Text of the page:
Briefing from Rojava
After the Caliphate, Issue 1493
jihadi-brides.jpg OTHER countries don’t recognise Rojava, our impoverished Kurdish pseudo-state in Syria, but they’re happy to leave us to deal with Islamic State (IS) members they don’t want back, while we feed and clothe them at our own expense.

Since the battle to overthrow the Caliphate in Baghuz, we’ve become a regular United Nations of jihad – 50 nationalities are here from Americans to Uzbeks. And British – or formerly British. When home secretary Sajid Javad withdrew Shamima Begum’s citizenship, he knew she wouldn’t be going to Bangladesh, where her parents were born, but would stay in one of our camps.

We’ve imprisoned 8,000 IS fighters and are keeping in camps about 70,000 women and children. Most are Syrians and Iraqis, but 1,000 of the fighters and 12,000 of the family members are foreign.

Go home to wreak havoc
The women are not grateful that – contrary to what their leaders predicted – we haven't raped them and forced them to discard their black niqabs. In fact, they are the most fanatical and ferocious, regularly throwing rocks at the guards while yelling how much they hate the Kurds, and how they’re going to restart the Caliphate. If we free them, the Syrians and Iraqis will settle nearby to indoctrinate the next generation of holy warriors, while the foreigners will either vanish or try to go home to wreak havoc there.

We’re grateful for what foreign support we do have. NGOs help in the camps; and we couldn’t have ended the Caliphate without US airstrikes: they dropped the bombs while we fought on the ground with guidance from mainly US and UK special forces. We lost 11,000 fighters from the YPG (People’s Protection Units) and YPJ (Women’s Protection Units) in the five-year battle to defeat IS. Foreign interrogators are now helping us establish which of our “guests” who emerged from Baghuz are the most dangerous.

If an army marches on its stomach, Isis bellies must have been full: 90 percent of the men we’ve captured say they were cooks, not fighters. The other 10 percent were, ahem, looking after orphans. One woman said her husband was an ice-cream seller – pull the other one, love, we said, it’s got cornettos on.

Public Enemy Number One
Most of the foreign men follow a similar script: they’re all repentant and just want to go home to resume their old lives as engineers and accountants. None was apparently in favour of enslaving Yazidi women, or beheadings, or terror attacks. Yeah, right.

We suggested an International Court could try them here in Rojava; but we’re still officially part of Syria, ruled by Bashar al-Assad, and the Butcher of Damascus will never allow any international form of justice on his territory. And whether we like it or not, we may need his help in the months ahead to counter our other enemy, Turkey.

We maintain the YPG and YPJ are independent, but we don’t try too hard to hide that we’re an offshoot of the Kurdish Workers’ Movement, the PKK, which is fighting for a separate state for Turkish Kurds and is Public Enemy Number One in Turkey. The face of “Uncle” Abdallah Ocalan, the imprisoned PKK leader, is everywhere in Rojava and we follow his teachings as if he were a guru. The Turks have already seized several of our towns, and if we declare full independence, they’ll mount a full-scale invasion.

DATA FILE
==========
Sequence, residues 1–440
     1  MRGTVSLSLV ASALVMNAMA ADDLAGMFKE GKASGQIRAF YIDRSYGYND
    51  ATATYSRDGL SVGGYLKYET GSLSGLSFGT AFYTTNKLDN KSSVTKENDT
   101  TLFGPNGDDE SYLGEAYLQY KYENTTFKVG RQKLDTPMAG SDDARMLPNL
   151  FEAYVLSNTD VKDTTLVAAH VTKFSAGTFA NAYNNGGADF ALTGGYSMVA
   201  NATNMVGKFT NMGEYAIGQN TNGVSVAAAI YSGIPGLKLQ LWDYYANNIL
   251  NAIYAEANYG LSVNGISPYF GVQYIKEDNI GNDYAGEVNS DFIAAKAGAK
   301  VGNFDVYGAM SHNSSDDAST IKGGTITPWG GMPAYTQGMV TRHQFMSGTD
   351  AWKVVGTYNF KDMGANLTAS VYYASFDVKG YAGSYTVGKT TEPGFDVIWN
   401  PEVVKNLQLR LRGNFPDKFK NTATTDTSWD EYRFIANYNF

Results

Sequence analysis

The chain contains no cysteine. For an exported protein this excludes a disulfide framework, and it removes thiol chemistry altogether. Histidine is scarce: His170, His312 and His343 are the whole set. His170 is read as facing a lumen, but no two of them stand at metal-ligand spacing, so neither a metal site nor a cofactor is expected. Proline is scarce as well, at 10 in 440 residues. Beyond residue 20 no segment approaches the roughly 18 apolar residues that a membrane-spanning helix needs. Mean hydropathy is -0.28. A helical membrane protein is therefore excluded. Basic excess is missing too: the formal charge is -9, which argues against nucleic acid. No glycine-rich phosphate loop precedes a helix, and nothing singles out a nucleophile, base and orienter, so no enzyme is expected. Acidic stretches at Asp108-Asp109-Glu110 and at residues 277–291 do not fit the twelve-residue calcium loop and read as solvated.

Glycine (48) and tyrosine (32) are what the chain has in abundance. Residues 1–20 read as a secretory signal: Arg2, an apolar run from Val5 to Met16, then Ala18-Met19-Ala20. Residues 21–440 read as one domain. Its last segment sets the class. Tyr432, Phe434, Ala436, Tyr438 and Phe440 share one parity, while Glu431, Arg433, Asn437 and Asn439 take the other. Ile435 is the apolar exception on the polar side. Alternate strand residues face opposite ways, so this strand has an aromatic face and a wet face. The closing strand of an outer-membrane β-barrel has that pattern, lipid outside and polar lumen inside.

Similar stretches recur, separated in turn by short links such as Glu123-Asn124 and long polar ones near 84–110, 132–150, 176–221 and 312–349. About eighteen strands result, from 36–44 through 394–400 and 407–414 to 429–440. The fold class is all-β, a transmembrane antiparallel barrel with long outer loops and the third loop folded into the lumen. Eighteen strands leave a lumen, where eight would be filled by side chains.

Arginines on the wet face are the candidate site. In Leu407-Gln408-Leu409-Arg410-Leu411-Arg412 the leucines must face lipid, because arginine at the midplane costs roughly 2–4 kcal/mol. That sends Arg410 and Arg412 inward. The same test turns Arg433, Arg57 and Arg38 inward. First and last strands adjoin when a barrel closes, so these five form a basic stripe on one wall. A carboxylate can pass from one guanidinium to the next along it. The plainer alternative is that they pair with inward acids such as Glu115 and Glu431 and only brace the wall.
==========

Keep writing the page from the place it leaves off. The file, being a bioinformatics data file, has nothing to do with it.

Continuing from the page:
Maybe those foreign jihadi prisoners will come in handy. Under threat of invasion, we might have no choice but to release them, or hand them to Bashar for him to release. Having fought the Caliphate on behalf of the rest of the world, including Europe and the US, perhaps the rest of the world might help us in our struggle against Turkey? We Kurds are always betrayed in the end but perhaps we now have some bargaining chips.

More top stories in the latest issue:

Nothing to see here! Tory chairman Brandon Lewis deflects serious questions about the business record and links of party treasurer Ehud Sheleg.

How wannabe PM Michael Gove found time to attend a secretive shindig with a gang of billionaires, Trump deputies and neo-cons at a luxury US island resort.

Jacob Rees-Mogg challenges the ‘truthfulness of some Remainiacs’ – but can’t grasp why his name is (legitimately) on the petition to revoke Article 50.

A highly critical report on Chinese software giant Huawei is awkward reading for the business and government suits who joined the board to buff its image.

A European Commission environmental beano sees hundreds of staff and their families spend a day pretending to clean a beach that was already pristine!

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Next issue on sale: 16th April 2019
Private Eye Issue 1493
In This Issue
Poll Tax Mastermind ‘Takes Control of Brexit Agenda’… Idiot Brings Railway to Standstill by Turning Up for Work at Department for Transport… ‘Get on With Brexit! Insists Man Who Until Last Week Was Stopping Brexit… Rees-Mogg Savages Turncoat Rees-Mogg… Hooligans Disillusioned With Too-Polite Football Start Following Politics…

Brexit balls
Columnists who keep calling it wrong

Sore losers
Post Office blames the judge

Deepcut latest
The mystery of Geoff Gray’s death

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16th April 2019
Private Eye Issue 1492